Guess What? Linux May Not Be for Everyone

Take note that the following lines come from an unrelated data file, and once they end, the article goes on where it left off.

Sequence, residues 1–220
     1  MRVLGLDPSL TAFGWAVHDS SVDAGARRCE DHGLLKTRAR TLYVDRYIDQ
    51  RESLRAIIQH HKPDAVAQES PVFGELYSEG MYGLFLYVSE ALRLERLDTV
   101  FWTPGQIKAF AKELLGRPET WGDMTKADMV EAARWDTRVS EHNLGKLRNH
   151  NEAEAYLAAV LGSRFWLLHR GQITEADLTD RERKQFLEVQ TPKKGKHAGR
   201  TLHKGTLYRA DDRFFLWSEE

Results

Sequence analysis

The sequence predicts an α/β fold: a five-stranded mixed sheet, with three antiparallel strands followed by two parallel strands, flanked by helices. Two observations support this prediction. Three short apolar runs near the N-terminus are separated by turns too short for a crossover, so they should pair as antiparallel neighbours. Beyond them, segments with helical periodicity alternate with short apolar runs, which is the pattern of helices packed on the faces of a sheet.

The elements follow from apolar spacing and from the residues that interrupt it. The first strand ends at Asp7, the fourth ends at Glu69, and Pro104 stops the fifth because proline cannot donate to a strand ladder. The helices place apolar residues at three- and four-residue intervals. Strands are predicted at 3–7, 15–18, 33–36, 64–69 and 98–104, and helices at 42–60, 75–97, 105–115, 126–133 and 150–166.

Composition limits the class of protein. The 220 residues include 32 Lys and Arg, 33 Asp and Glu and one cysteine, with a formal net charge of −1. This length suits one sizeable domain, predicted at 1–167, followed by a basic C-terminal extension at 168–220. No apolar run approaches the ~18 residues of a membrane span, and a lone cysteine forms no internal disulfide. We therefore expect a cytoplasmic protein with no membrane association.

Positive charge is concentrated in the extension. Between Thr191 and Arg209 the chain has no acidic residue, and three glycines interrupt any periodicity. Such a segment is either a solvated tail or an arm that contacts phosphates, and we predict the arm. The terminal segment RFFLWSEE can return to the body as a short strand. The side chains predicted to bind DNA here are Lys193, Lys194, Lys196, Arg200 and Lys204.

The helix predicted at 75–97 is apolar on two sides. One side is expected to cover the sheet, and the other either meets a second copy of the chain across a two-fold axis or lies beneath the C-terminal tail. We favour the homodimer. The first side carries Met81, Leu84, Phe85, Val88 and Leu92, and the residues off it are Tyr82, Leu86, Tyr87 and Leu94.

I feel like I may have covered bits of this here and there, but I couldn’t find it after a cursory check through my blog.  Fanaticism is fanaticism, whether it’s religious or technological it follows the same path.  Witness anyone who has just become an evangelical Christian (and it probably extends to other religions) as they return to life after their conversion.  For the first chunk of time after doing so they will likely do some or all of the following:  get a new wardrobe, get rid of all CDs/MP3s that aren’t by Christian bands, preach the Gospel to anyone within earshot, read the Bible daily, pray in public spaces (sometimes boisterously as possible), go to church every day, and other things.  With time they may soften in some of these aspects.  They may realize that, for example, it’s probably OK to listen to most of U2 and many other bands that don’t have profanity or sexually explicit lyrics.  But the biggest change anyone outside of their family/best friends will notice is that they realize it’s probably not a good idea to go around telling everyone that their worldview is wrong.  It turns out to be better for everyone if the member of the proselytizing religion waits for others to ask their opinion.  At that time, the person asking is receptive to hearing about this new religion.  (Unlike when they’re ambushed and on the defensive)